You didn’t vote? The lack of your X could make SA an ex-democracy

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You didn’t vote? The lack of your X could make SA an ex-democracy

Voting should have been made compulsory in 1994 because voter apathy could be devastating for SA

Executive editor: opinions and analysis
You do if you don't vote.
YES You do if you don't vote.
Image: Alon Skuy

A roving SABC reporter doing a live crossing from an informal settlement in Mamelodi, Tshwane, stops two young men pushing a trolley containing what looks like scraps for sale.

“Did you vote yesterday?” she asks the bespectacled one in a black beanie.

“No, I didn’t,” he responds.

“I don’t see the importance of voting. Why must I choose a person that doesn’t choose me? They have been making promises since 1994; they are still making promises. They haven’t done anything for us; we make a living out of this trolley here. You choose them, they stay in posh places, eat expensive food, ride luxury cars that just pass you by in the streets. Should I choose him so he can live a lavish lifestyle while I live like this? I choose my trolley.”

Voter turnout was miserable for Monday’s local government elections; in some areas as low as 23%. A large swathe of South Africans, disgruntled with the government and political parties, opted for a stayaway in protest. They just enjoyed an extra public holiday.

I think the first mistake was not making voting compulsory when SA became a democracy. We wrongly assumed that since black people were denied the franchise, they would value the importance of casting a ballot. There was a lot of enthusiasm in 1994 and maybe one or two subsequent elections, but since then voter apathy has set in at levels which are very dangerous for democracy. People who have lost the will to participate in elections are likely to find other outlets to vent out their frustrations. We all saw the devastating consequences of this in July.

I want to believe that it’s not too late to seek a constitutional change mandating compulsory voting. But how would you enforce this? Would we be able to link, for example, state benefits to the vote? That is, you run the risk of losing the child support grant — and, if it ever gets introduced, the basic income grant — if you do not vote? I doubt this would pass constitutional muster.

The answer lies in increased voter education. People must be taught that not exercising their right to vote hurts them because a councillor will be elected and a council  that will have a major impact on their daily lives formed, whether they have voted or not. They will spend the next five years being governed by people they did not choose, people they do not like.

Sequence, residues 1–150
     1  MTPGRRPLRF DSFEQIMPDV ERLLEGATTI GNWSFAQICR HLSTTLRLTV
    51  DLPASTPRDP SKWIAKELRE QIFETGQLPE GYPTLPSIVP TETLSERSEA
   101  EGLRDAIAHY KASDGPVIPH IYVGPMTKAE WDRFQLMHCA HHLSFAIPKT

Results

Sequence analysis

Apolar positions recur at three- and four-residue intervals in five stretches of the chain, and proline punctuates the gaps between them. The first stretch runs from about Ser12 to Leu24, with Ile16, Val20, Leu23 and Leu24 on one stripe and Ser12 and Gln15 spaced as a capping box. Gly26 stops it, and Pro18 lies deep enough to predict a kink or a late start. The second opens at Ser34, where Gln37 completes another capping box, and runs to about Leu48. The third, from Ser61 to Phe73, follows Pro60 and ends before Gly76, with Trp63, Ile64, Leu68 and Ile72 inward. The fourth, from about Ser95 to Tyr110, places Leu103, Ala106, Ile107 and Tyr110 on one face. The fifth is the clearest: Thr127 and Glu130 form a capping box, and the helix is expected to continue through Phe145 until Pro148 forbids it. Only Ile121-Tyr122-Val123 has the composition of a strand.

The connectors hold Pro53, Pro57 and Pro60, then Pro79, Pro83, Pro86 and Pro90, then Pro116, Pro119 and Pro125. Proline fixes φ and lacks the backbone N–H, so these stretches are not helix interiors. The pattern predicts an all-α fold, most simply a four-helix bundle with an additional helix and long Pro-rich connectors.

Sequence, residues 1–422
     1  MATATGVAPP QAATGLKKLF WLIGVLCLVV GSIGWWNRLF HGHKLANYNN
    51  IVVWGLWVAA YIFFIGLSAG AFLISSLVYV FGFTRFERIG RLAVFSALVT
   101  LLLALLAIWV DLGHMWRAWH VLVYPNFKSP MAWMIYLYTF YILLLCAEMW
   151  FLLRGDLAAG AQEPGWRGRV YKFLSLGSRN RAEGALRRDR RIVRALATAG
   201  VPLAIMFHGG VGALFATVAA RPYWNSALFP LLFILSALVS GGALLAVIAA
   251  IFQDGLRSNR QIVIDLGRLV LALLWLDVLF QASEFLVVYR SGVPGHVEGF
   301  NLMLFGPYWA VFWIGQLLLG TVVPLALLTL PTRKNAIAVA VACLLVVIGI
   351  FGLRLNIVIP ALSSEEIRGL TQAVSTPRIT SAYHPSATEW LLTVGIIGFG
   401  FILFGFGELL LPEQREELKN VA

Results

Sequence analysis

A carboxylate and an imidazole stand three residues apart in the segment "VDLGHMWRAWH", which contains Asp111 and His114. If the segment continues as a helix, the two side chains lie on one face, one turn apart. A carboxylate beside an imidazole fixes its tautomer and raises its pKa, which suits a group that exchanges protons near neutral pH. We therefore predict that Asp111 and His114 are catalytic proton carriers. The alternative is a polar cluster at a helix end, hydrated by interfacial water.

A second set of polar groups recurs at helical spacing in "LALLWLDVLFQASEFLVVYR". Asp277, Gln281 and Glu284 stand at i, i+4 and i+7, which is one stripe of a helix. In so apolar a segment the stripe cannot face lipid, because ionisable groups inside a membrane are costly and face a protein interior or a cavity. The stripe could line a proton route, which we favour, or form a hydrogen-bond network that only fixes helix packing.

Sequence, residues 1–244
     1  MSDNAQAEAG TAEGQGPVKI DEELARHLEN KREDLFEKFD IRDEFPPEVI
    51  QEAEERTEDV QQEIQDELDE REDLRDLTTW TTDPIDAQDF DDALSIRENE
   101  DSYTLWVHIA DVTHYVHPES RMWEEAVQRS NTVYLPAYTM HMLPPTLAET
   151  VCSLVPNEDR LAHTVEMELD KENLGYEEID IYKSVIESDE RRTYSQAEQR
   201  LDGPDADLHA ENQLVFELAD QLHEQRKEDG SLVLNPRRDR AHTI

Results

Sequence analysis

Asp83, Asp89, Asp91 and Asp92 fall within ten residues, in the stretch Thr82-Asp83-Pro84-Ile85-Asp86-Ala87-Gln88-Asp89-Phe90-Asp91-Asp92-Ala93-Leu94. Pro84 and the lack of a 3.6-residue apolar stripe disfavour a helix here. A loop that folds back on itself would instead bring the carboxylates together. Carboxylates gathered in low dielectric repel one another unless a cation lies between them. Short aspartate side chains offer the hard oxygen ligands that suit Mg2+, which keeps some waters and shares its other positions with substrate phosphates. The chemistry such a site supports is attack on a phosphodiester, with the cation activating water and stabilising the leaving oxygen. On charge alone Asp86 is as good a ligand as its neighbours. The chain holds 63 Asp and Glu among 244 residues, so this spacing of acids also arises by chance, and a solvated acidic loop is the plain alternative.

They will spend the next five years being governed by people they did not choose, people they do not like.

Boycotting the vote because of disgruntlement with a councillor/municipality is extremely shortsighted. It must be explained to them that their vote is their ticket to change — the power to punish those who let them down by not returning them to office. 

Interestingly though, voter apathy seems to be hurting the ANC more than the opposition, especially in the metros.

At the time of writing this column, the DA was ahead in Tshwane and Nelson Mandela Bay. Ekurhuleni is tight and no party will win Johannesburg outright. Coalitions will be required to run all the major metros and how these pairings eventually shape up will be the story of these elections.

EThekwini seems a safe bet for the ANC, while the DA is continuing its dominance in Cape Town. The ANC is in cruise mode in smaller cities — East London, Mbombela and Polokwane. It is also holding on to much of its rural constituency, except in Zululand, where the IFP has cleaned up.

The ANC is firmly becoming a party of rural areas and secondary towns. Gauteng urbanites are gatvol and voting for change. 

It’s a pity opposition parties are failing to capitalise more on the ANC’s failings. People are choosing to stay at home rather than vote for them in larger numbers. However, we are still witnessing some surprises.

If the DA continues this trajectory, it will be the biggest party in Tshwane and Nelson Mandela Bay, quite a feat if you consider how before the 2016 local government elections you wouldn’t dream of dislodging the ANC in these cities. Herman Mashaba’s Action SA is eating ANC, EFF and DA lunch in Tshwane and Johannesburg, but has not performed as well as some had predicted.

The EFF is showing modest growth and will definitely be kingmaker in Ekurhuleni, perhaps even in Johannesburg, once more township wards declare.

I have loads of sympathy for those young men in Mamelodi. But by not voting they are allowing others to condemn them to a future that won’t progress them beyond a trolley filled with scrap metal.

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